“The cure for the common marriage” reads the tagline for this 2013 drama from writer/director Jill Soloway and starring Kathryn Hahn and Josh Radnor. If the cure for such an ailment is boredom, confusion and frustration then herein lays a successful treatment.
Afternoon Delight is, in short, the story of Rachel (Kathryn Hahn); a bored, underappreciated housewife’s journey for sexual fulfilment. To do so, she decides to visit a strip club, befriend and then hire one of the strippers (Juno Temple) to become the live-in nanny for her infant child. Rachel sees no issue with this. Her husband, Jeff (Josh Radnor) is mildly concerned about the complete stranger at the breakfast table with his 5 year-old son Logan, but why make too big a deal about it?
Rachel wants to get to know McKenna (the stripper because strippers have ridiculous names) and as a result perhaps to learn from her, to learn more about herself and maybe change both of their lives for the better. The relationship between the two lead women is a strange one to say the least. This could be attributed to McKenna’s troubled background and Rachel’s obvious current issues but it is an incredibly confusing set up.
Then a scene where McKenna is teaching Rachel and her friend to dance erotically followed by a dip in the pool where McKenna gives details of her “sex-worker” lifestyle. Yes, Rachel, she’s a prostitute. Therefore, get her out of your house and away from your family. Report her to the police. Or to put it more eloquently as Rachel’s friend does in the best line of the film “Logan’s five, get her the f*** out”. No. Why would Rachel do that? Instead, why not offer to allow her to remain in her home rent-free in exchange for taking care of Logan? Yes, that is much more logical. My brain hurts.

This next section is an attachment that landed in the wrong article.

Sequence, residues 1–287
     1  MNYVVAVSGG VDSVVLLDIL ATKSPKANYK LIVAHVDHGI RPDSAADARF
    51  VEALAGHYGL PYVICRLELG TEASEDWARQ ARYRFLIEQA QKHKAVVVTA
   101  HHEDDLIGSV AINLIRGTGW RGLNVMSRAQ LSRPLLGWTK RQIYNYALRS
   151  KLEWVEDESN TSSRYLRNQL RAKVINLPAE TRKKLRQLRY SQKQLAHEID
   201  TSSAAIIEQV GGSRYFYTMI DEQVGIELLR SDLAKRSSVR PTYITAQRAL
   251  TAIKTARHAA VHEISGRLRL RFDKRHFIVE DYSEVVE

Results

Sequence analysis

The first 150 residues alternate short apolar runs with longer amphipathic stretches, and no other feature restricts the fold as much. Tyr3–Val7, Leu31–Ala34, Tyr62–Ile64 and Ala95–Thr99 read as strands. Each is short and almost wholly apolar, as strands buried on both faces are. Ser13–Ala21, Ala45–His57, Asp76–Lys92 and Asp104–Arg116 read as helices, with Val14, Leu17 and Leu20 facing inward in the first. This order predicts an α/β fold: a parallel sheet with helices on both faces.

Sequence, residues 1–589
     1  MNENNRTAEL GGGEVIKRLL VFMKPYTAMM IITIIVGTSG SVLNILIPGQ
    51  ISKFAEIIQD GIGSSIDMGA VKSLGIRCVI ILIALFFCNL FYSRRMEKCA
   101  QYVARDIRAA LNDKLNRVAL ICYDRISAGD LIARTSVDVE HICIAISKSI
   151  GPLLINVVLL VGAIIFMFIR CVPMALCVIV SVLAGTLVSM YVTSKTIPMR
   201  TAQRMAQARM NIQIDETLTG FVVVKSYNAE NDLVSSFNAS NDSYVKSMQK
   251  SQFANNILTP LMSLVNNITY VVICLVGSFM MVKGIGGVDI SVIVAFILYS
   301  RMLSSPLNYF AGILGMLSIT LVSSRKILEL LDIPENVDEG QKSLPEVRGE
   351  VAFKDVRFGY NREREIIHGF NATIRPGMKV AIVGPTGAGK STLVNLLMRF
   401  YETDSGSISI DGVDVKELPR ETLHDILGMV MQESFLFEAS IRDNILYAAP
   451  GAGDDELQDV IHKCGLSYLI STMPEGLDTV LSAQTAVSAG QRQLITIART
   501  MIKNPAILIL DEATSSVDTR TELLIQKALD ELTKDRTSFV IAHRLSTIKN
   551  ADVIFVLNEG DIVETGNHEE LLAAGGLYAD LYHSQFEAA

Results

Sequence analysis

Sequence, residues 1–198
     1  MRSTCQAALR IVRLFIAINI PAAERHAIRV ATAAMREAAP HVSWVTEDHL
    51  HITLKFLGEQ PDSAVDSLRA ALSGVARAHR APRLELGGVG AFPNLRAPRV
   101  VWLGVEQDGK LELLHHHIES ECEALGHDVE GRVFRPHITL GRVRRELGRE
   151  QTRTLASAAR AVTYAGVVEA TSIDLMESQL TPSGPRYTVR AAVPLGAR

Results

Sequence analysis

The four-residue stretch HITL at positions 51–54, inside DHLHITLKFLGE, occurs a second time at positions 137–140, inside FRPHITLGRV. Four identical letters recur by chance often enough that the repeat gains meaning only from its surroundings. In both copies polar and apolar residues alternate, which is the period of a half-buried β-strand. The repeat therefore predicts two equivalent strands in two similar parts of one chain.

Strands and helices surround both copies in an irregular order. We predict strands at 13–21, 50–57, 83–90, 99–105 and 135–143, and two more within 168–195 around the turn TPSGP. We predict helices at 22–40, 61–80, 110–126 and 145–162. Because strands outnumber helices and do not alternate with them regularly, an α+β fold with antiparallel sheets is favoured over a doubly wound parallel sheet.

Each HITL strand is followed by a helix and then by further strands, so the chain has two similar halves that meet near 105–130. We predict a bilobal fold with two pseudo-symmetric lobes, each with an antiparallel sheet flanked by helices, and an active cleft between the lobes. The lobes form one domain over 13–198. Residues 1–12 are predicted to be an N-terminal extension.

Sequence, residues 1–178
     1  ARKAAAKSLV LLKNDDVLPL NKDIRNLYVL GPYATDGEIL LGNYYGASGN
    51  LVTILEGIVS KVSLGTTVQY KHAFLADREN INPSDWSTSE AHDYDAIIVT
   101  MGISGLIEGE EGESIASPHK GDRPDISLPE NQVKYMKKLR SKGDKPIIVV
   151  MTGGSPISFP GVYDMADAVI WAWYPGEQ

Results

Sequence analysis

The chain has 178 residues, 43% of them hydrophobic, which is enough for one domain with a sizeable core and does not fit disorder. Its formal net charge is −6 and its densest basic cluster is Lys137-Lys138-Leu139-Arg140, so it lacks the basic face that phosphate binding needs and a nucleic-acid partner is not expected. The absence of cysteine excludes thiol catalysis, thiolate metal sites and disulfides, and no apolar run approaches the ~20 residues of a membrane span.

It is a shame the writing is so unrealistic and confusing because it is a nice looking film. We feel Rachel’s loneliness through an abundance of isolated shots and close-ups. Some of the scenes and set-ups are quirky and a little humourous at times. I even felt a few moments of pity for Rachel but these were quickly dashed with the sheer ignorance and stupidity of the character. The film is a series of things that happen but the connections between these things are missing. Jeff is a one dimensional character and every second scene I questioned something and I never ever felt satisfied with the answers I got.
The conclusion of the film was fine but the concluding chapter of McKenna’s story was laughable and yet again confusing, unnecessarily graphic and arbitrary even.
RATING: SEE IT